Originally published on June 11, 2019
The financial news media has switched its obsession from trade tariffs to a coming Fed rate cut, so the news media is finally reporting some more positive news for a change and the market "melted up" by almost 5% last week, recovering more than two-thirds of its losses suffered in the entire month of May.
Despite this sharp rise in the indexes last week, I'd still say stock picking will beat index funds, especially with the Nasdaq 100, where several flagship stocks are under investigation. Google (GOOG, GOOGL) is under Justice Department scrutiny in a potential antitrust probe, and The Wall Street Journal has also reported that the Federal Trade Commission is probing how Facebook's (FB) business practices impact digital competition.
The Nasdaq 100 is also being adversely impacted by Tesla's (TSLA) woes, so Nasdaq's former flagship index is under siege as many of its mega-cap stocks falter. Fortunately, I do not own Google, Facebook, or Tesla, so I have not been adversely impacted by these Nasdaq 100 flagships' recent gyrations.
(Navellier & Associates does not own Tesla, Google or Facebook in managed accounts and our sub-advised mutual fund. Louis Navellier and his family does not own Tesla or Google or Facebook in personal accounts.)
What's Behind the Global Race to Zero (or Negative) Interest Rates?
On Thursday, the European Central Bank (ECB) said that it would hold key interest rates steady through the first half of 2019, raising speculation that it might cut key interest rates in the second half! ECB President Mario Draghi, in a news conference, said that the ECB stood ready to lower rates or implement other measures if needed. Furthermore, Draghi said that the ECB "stands ready to act and use all the instruments in the toolbox," but how many tools are still in their toolbox when rates are already negative?
The biggest financial news last week in the U.S. was the continued collapse in Treasury bond yields. The 10-year Treasury yield hit 2.053% last week. This collapse in Treasury rates is primarily being caused by (1) foreign capital flight, (2) a lack of inflation, and (3) weaker-than-expected economic news. As a result, the Fed Funds futures market is now forecasting two 0.25% Fed key interest rate cuts. Please be aware that the Fed Funds futures market is volatile, but I think it is safe to say that at least one Fed rate cut is now increasingly likely this year. The Federal Open Market Committee (FOMC) statement tomorrow (June 12th) will likely be pivotal, as will Fed Chairman Jerome Powell's following press conference.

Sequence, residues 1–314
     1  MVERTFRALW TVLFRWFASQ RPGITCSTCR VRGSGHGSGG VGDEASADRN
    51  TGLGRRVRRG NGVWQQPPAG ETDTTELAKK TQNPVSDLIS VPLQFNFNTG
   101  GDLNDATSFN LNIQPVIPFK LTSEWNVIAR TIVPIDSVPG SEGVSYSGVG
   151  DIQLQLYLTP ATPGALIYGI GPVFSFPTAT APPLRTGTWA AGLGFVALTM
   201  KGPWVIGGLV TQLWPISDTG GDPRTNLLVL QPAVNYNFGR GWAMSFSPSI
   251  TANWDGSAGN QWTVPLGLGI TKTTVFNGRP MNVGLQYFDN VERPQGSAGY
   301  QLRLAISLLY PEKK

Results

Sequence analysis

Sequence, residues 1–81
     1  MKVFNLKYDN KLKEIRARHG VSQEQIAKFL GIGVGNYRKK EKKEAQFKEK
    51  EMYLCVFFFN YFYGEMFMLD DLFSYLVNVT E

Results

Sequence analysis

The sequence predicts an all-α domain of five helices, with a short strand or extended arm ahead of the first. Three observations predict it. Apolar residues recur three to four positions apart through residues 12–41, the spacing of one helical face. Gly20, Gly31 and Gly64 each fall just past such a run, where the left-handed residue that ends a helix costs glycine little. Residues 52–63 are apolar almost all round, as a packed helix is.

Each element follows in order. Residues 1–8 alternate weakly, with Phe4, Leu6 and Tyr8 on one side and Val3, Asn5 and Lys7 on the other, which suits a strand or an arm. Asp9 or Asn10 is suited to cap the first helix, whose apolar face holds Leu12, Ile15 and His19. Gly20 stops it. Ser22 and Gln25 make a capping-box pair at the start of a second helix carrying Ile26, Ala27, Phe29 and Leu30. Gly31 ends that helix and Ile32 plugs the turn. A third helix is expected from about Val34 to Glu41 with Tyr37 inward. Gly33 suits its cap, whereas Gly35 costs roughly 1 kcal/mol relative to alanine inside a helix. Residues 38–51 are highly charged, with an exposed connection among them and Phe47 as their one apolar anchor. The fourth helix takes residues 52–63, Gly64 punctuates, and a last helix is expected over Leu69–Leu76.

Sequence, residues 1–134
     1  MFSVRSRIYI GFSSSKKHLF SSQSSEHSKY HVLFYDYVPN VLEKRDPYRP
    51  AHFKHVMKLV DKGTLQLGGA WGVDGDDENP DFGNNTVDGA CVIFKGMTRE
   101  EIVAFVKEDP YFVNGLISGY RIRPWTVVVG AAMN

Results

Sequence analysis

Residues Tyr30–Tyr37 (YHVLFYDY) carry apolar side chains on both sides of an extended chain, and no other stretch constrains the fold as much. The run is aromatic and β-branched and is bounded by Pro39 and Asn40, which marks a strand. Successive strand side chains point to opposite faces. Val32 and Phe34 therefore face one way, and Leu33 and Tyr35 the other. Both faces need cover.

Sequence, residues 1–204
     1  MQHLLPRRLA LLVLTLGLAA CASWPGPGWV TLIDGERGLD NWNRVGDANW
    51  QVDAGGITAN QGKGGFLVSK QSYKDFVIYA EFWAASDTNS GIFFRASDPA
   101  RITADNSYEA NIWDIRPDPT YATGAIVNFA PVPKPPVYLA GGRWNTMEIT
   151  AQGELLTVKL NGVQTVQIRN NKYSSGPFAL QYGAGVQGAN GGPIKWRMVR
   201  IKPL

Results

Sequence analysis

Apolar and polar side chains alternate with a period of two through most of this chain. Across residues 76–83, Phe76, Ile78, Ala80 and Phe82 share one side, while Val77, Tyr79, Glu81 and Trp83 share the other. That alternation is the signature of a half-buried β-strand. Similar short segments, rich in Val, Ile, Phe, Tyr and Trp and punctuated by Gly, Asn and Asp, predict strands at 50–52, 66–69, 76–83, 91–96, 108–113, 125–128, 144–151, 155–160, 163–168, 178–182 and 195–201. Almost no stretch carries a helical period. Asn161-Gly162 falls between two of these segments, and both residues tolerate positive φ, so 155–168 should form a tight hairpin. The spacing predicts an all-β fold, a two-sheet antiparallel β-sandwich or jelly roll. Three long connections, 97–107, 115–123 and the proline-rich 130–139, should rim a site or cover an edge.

Last Tuesday, Chairman Powell said that the Fed is watching how trade disputes have flared in recent weeks, and they are monitoring the impact of those disputes on economic growth. Specifically, Powell said that the Fed will "act as appropriate" to sustain the current economic expansion. Powell added that, "We do not know how or when these issues will be resolved. We are closely monitoring the implications of these developments for the U.S. economic outlook and, as always, we will act as appropriate to sustain the expansion, with a strong labor market and inflation near our symmetric 2% objective." Translated from Fedspeak, Powell made it clear that the Fed is now considering a key interest rate cut.
On Wednesday, the Fed released its Beige Book survey in conjunction with its upcoming FOMC meeting. The Beige Book survey said that the U.S. economy expanded at "a modest pace overall" from April to mid-May, but growth was partly held in check by labor shortages and worries over tariffs on China.
The good news on the tariff front is that Mexico sent a big delegation to Washington, D.C., to cooperate with the Trump Administration on the border crisis in a very serious attempt to avoid a 5% tariff on Mexico's exports to the U.S. Since the U.S. is by far Mexico's largest trading partner, there is no doubt that the U.S. has sufficient leverage, and Mexico wanted to cooperate, since its economy boomed under NAFTA. On Friday, President Trump suspended any tariffs on Mexico and on Twitter said that Mexico "has agreed to take strong measures" to stem the flow of Central American migrants into the U.S.
In the meantime, the proposed NAFTA change that both Canada and Mexico agreed on is unlikely to be ratified by the House of Representatives. Apparently, the UAW in Canada, Mexico, and the U.S. had all approved of the NAFTA changes, but the Democratic House does not want to provide the Trump team with a pro-union "win," so the change recommended by the UAW has not yet cleared the House.